Is ADHD on the rise? Or have advances in medicine allowed for accurate diagnoses of children previously just thought of as ‘naughty’ or ‘disruptive’? Maybe it’s our modern diets, containing more preservatives, hormones and chemicals (all of which affect ADHD symptoms) than they did 50 years ago?
Whatever the case, we now have a generation of young adults with ADHD who were diagnosed as children, and we’re beginning to have some understanding of the long term effects of ADHD treatment.
What exactly is ADHD?
Attention deficit hyperactivity disorder, is a condition that causes problems with concentration and paying attention. Some people with ADHD may be extremely restless (hyperactive) while others don’t display hyperactivity, and are typically thought of as ‘daydreamers’.
ADHD affects a person’s performance at school, college and work; and also causes emotional and behavioural issues such as anxiety and anger. Whether behaviour symptoms are linked to the actual condition, or as a result of frustration with trouble concentrating, is not clear.
The pros and cons of ADHD medication
For many people with ADHD, medication is a lifesaver. ADHD treatment is usually stimulant based. When taken as directed, amphetamines help to improve concentration. The problem is that amphetamines can also be abused and are highly addictive. They can give a ‘buzz’ that causes overconfidence. Physically, the abuse of amphetamines causes high blood pressure, increased heart rate and body temperature.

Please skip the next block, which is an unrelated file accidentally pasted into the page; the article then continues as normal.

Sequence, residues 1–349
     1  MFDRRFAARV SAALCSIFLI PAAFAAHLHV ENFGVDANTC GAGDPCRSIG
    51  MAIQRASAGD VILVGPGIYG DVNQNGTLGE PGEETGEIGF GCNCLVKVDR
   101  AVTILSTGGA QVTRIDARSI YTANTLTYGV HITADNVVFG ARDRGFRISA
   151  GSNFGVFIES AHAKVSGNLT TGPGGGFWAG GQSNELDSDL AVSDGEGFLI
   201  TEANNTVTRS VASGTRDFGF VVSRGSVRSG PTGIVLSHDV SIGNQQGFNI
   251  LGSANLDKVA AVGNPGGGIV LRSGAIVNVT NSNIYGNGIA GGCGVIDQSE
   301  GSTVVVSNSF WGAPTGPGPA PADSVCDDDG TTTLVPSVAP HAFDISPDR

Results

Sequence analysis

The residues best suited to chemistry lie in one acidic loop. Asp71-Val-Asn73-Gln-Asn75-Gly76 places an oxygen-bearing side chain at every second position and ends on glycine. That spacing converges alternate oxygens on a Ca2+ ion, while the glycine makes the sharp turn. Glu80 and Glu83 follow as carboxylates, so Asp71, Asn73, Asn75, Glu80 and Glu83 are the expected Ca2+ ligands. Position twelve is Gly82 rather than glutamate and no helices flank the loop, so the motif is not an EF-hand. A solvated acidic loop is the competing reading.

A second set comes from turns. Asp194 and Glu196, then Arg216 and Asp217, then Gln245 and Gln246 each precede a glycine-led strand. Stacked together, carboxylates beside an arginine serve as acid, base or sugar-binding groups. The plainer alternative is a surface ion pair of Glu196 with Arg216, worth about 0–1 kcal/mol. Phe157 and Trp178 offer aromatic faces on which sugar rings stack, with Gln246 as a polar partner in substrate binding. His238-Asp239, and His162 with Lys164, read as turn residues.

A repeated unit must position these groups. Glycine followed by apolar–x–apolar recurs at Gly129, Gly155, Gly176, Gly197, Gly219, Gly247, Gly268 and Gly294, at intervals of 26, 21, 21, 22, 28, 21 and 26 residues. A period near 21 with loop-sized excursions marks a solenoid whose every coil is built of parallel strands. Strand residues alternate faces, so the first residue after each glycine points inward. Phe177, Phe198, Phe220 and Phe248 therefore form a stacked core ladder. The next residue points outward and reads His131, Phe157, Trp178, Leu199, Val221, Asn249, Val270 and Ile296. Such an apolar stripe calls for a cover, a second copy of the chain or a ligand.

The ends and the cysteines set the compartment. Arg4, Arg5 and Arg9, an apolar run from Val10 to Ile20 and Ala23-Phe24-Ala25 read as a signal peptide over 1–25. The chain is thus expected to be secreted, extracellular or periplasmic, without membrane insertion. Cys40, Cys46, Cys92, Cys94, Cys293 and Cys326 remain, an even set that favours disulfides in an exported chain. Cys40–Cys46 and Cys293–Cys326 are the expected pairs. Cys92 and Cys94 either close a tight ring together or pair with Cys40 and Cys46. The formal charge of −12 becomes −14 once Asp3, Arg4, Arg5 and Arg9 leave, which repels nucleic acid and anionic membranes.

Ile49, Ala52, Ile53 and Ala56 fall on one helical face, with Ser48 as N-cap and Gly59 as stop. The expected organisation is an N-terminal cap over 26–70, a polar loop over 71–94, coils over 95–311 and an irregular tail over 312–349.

The emotional side of ADHD – anxiety and feelings of frustration – actually make people with ADHD more prone to developing an addiction. This is why it’s important to look into alternative treatments to improve focus and concentration.
Alternative ADHD treatment options
The food you eat plays a large role in triggering ADHD symptoms or making them worse. Try an elimination diet, cutting out sugar, gluten, dairy, eggs, certain meats, and food dyes. See if your symptoms improve. Gradually reintroduce foods, and take note if any of them seem to exacerbate your symptoms. An ADHD diet should be low in preservatives, and high in complex carbohydrates and omega-3 fatty acids.
Exercise – especially cardio – is beneficial for people with ADHD. It helps to improve cognitive ability and motor functioning. The social aspect of team sports is also great to assist with any behaviour and social difficulties associated with ADHD.
3. Mindfulness meditation
Meditation can help to quiet the buzzing thoughts of an ADHD brain. Mindfulness meditation is a practice that teaches you how to meditate and redirect thoughts, calm the brain and learn to be still in the moment.
4. Talk therapy
For ADHD that is triggered by, or triggers emotional and behavioural problems, talking it out may be the answer. There is no shame in seeing a therapist or a counsellor to speak about your emotions. In fact, talk therapy is extremely valuable as it teaches you how to recognise and manage your emotions and behaviours.
5. Executive functioning training
People who have ADHD struggle with executive functioning – organisational skills, decision making etc. The good news is that all of this can be learned, even if you’re not naturally good at it. Take advantage of any courses or online programmes to help develop skills such as time management and focused thinking.
If you’re struggling with ADHD and think that you may be abusing your medication, don’t be afraid to reach out for help. Speak to your parents, a counsellor at college, or even your doctor. There are alternative treatments for ADHD that can help you function, without the danger of addiction.